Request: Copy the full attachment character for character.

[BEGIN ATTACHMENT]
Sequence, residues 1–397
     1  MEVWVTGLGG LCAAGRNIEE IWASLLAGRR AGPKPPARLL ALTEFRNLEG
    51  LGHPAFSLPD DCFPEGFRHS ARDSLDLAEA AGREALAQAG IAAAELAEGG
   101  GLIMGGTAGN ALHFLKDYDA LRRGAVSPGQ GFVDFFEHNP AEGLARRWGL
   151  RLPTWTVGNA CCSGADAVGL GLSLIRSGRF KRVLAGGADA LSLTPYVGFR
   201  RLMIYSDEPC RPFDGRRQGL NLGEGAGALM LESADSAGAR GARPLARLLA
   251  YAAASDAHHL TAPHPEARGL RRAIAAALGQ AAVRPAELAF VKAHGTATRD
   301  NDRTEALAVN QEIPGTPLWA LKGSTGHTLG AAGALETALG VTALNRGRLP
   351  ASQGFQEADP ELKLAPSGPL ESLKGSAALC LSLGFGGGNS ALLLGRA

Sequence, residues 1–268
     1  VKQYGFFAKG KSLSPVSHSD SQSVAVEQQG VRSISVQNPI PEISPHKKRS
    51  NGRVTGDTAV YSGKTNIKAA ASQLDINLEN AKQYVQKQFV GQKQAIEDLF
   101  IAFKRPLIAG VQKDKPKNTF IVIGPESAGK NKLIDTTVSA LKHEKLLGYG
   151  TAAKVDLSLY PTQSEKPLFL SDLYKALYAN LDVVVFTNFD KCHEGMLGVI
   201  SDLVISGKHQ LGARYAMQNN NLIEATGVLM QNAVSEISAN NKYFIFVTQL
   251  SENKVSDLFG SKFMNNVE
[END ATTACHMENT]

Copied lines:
Sequence, residues 1–397
     1  MEVWVTGLGG LCAAGRNIEE IWASLLAGRR AGPKPPARLL ALTEFRNLEG
    51  LGHPAFSLPD DCFPEGFRHS ARDSLDLAEA AGREALAQAG IAAAELAEGG
   101  GLIMGGTAGN ALHFLKDYDA LRRGAVSPGQ GFVDFFEHNP AEGLARRWGL
   151  RLPTWTVGNA CCSGADAVGL GLSLIRSGRF KRVLAGGADA LSLTPYVGFR
   201  RLMIYSDEPC RPFDGRRQGL NLGEGAGALM LESADSAGAR GARPLARLLA
   251  YAAASDAHHL TAPHPEARGL RRAIAAALGQ AAVRPAELAF VKAHGTATRD
   301  NDRTEALAVN QEIPGTPLWA LKGSTGHTLG AAGALETALG VTALNRGRLP
   351  ASQGFQEADP ELKLAPSGPL ESLKGSAALC LSLGFGGGNS ALLLGRA

Sequence, residues 1–268
     1  VKQYGFFAKG KSLSPVSHSD SQSVAVEQQG VRSISVQNPI PEISPHKKRS
    51  NGRVTGDTAV YSGKTNIKAA ASQLDINLEN AKQYVQKQFV GQKQAIEDLF
   101  IAFKRPLIAG VQKDKPKNTF IVIGPESAGK NKLIDTTVSA LKHEKLLGYG
   151  TAAKVDLSLY PTQSEKPLFL SDLYKALYAN LDVVVFTNFD KCHEGMLGVI
   201  SDLVISGKHQ LGARYAMQNN NLIEATGVLM QNAVSEISAN NKYFIFVTQL
   251  SENKVSDLFG SKFMNNVE